The Supreme Judicial Court recently came to a disappointing conclusion in Commonwealth v. Baez. In the case, the SJC ruled that juvenile delinquency adjudications for violent offenses may serve as predicate offenses for enhanced penalties for adults convicted under G.L. c.269, §10G, the armed career criminal act (ACCA).
The background was as follows. “At age eighteen, the defendant … was indicted for a violation of G.L. c.269, §10(a), unlawful possession of a firearm. If convicted, and if he had no qualifying convictions for sentence enhancement, he would ‘be punished by imprisonment … for [no] more than five years.’” However, “[t]he defendant had twice been adjudicated delinquent for crimes of violence as defined by the Legislature; therefore, the Commonwealth charged the defendant with violating §10G,” which “mandates enhanced sentencing for adults who violate G.L. c.269, §10(a), (c), or (h), and have ‘been previously convicted of a violent crime or of a serious drug offense.’ G.L. c.269, §10G (a)-(c)…. Here, the Legislature imported the definition of ‘violent crime’ from G.L. c.140, §121, which includes ‘any act of juvenile delinquency involving the use or possession of a deadly weapon that would be punishable by imprisonment for such term if committed by an adult.’ See Commonwealthv. Anderson, 461 Mass. 616, 631, cert. denied, 568 U.S. 946 (2012).” “While the defendant’s current case was proceeding, a judge in the Superior Court raised sua sponte the issue whether using juvenile adjudications to enhance sentencing in the same manner as adult convictions violated due process rights and protections under the Eighth Amendment.” The judge reported the question “[w]hether in light of Millerv. Alabama, [567 U.S. 460 (2012)], a juvenile adjudication may be used as a predicate offense for enhanced penalties under G.L. c.269, §10G.”
In its decision, the SJC answered the reported question in the affirmative. The Court stated, “We applied Miller’s holding in Diatchenko[v. District Attorney for the Suffolk Dist.], 466 Mass. [655,] 671 [2013,] [S.C., 471 Mass. 12 (2015)], and ‘conclude[d] that the discretionary imposition of a sentence of life in prison without the possibility of parole on juveniles who are under the age of eighteen when they commit murder in the first degree violates the prohibition against “cruel or unusual punishment” in art. 26 [of the Massachusetts Declaration of Rights].’ Miller, Diatchenko, and their progeny are controlling when evaluating the constitutionality of juvenile sentencing, but merely inform our understanding of the proportionality of adult punishment…. We reached our conclusion in Diatchenko, in part, by considering the ‘unique characteristics of juvenile offenders.’ [Id.] at 671. Here, however, those characteristics are not relevant because the defendant is an adult. If convicted, he would not be punished for his juvenile activity. He would be punished for violating the law as an adult while having two applicable juvenile adjudications on his record.” The Court endorsed the Commonwealth’s contentions that “‘[m]ore severe sentences are justified by recidivism’” and “that the purpose of the ACCA’s enhanced sentencing scheme is to achieve the penological goals of deterrence and incapacitation. Each is a justifiable objective of incarceration under the Eighth Amendment and art. 26.”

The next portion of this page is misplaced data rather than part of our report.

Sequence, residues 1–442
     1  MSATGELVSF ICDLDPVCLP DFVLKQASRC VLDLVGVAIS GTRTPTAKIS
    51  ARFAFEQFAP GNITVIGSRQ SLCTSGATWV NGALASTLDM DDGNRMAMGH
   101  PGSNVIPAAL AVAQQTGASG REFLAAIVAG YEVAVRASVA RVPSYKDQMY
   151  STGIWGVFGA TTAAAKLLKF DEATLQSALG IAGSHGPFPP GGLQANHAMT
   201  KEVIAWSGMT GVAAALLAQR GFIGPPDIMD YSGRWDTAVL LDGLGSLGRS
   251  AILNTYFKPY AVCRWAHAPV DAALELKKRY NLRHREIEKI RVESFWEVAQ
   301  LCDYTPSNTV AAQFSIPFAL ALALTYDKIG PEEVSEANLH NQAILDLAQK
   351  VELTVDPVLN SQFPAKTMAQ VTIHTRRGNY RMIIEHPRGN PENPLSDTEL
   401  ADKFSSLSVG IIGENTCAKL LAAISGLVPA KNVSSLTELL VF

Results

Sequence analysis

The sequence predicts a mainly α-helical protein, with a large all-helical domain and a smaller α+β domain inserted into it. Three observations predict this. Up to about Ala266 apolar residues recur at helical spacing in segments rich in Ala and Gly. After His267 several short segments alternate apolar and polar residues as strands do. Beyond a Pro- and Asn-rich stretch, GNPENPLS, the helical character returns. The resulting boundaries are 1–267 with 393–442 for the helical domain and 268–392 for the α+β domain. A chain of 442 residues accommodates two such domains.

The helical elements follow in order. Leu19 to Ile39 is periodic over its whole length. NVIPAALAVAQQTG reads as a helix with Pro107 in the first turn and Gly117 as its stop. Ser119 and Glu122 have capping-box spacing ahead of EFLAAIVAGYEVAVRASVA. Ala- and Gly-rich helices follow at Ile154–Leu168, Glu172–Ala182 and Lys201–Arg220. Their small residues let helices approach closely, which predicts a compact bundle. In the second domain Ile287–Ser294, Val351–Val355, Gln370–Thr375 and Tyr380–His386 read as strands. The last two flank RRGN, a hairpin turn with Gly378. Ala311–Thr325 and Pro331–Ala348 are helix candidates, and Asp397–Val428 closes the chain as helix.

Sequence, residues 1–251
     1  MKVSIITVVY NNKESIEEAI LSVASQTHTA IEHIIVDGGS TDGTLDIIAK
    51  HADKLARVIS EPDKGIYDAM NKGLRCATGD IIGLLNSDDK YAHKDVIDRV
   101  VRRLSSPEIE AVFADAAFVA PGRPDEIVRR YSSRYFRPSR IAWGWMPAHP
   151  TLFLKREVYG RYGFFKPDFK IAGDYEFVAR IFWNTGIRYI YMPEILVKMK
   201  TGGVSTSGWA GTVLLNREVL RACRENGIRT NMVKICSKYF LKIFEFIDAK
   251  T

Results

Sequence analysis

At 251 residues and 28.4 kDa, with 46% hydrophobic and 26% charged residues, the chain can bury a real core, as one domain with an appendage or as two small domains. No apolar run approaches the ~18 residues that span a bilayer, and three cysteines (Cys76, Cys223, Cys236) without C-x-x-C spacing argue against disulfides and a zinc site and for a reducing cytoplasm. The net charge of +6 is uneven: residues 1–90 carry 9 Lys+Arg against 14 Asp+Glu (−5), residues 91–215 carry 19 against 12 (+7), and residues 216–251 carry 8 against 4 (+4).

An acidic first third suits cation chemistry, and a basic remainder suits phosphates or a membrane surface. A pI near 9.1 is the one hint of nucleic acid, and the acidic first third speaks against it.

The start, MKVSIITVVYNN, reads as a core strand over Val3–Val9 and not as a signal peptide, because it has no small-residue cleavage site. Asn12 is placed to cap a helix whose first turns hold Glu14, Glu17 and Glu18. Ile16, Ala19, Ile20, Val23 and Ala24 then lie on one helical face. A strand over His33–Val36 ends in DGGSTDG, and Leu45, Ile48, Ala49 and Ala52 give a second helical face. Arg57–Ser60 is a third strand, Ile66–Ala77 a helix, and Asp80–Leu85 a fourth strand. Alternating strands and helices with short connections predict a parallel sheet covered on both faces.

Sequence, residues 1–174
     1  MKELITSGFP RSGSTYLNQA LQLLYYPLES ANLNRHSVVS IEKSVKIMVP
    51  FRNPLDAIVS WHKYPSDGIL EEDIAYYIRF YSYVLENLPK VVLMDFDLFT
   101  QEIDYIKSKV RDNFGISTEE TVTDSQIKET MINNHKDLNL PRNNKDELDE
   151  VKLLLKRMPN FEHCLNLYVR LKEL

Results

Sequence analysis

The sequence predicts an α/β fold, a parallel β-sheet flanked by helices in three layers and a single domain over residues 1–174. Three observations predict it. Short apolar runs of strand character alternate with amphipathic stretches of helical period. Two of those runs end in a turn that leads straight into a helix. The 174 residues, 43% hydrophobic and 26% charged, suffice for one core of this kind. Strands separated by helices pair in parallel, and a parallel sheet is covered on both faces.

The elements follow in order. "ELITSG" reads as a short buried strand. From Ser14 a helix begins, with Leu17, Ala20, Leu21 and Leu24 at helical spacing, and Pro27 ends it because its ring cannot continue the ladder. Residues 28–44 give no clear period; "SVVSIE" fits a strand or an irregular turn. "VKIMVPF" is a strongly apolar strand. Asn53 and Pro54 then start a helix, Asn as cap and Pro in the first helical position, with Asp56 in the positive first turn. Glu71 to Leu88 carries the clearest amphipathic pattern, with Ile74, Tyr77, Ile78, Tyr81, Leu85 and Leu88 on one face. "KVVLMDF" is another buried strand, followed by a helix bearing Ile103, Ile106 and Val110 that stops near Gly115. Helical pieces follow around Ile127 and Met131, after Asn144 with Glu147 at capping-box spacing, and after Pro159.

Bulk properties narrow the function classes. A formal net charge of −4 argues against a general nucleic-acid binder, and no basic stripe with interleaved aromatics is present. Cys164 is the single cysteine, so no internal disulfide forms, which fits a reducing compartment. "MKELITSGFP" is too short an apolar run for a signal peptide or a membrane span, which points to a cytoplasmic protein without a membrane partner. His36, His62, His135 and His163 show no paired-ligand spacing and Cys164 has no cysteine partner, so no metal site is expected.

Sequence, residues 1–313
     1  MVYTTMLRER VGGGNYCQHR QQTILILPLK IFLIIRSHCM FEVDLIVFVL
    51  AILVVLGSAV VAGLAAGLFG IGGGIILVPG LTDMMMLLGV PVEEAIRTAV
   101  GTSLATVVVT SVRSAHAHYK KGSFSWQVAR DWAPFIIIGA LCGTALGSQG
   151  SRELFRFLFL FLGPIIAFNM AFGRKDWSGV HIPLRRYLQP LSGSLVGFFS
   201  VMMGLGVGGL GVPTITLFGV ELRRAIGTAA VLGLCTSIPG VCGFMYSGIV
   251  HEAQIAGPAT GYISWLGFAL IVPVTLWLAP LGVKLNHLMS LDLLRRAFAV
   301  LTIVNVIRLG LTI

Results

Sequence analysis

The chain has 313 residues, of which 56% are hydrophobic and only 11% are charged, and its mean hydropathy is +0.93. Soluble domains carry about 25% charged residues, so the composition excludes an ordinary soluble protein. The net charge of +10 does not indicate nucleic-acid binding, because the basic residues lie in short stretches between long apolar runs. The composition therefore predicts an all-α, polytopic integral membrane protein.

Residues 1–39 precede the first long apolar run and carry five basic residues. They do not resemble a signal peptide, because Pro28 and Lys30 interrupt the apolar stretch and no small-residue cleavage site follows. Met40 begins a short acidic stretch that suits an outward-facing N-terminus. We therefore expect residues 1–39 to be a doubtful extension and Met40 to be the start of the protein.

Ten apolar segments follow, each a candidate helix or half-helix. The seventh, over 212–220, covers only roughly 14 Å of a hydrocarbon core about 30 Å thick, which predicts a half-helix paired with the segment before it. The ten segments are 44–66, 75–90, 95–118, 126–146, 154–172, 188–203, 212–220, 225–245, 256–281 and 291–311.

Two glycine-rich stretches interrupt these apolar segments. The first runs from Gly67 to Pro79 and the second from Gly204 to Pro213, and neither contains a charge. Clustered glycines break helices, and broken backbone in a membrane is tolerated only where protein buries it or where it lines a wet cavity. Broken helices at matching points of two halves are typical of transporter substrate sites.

This is an extremely disappointing decision, which highlights all the more clearly why it is critical for any and all juveniles to have an experienced and skilled attorney to represent them. If you or a loved one is a juvenile charged with an offense that could pose as a predicate for the ACCA, it is of the utmost importance that you have an attorney who will zealously advocate for the best outcome possible, and protect you from the potential future consequences of an ACCA charge. Attorney Daniel Cappetta has a robust juvenile practice and knows how to get the best results for this vulnerable group of clients. Call him today for consultation.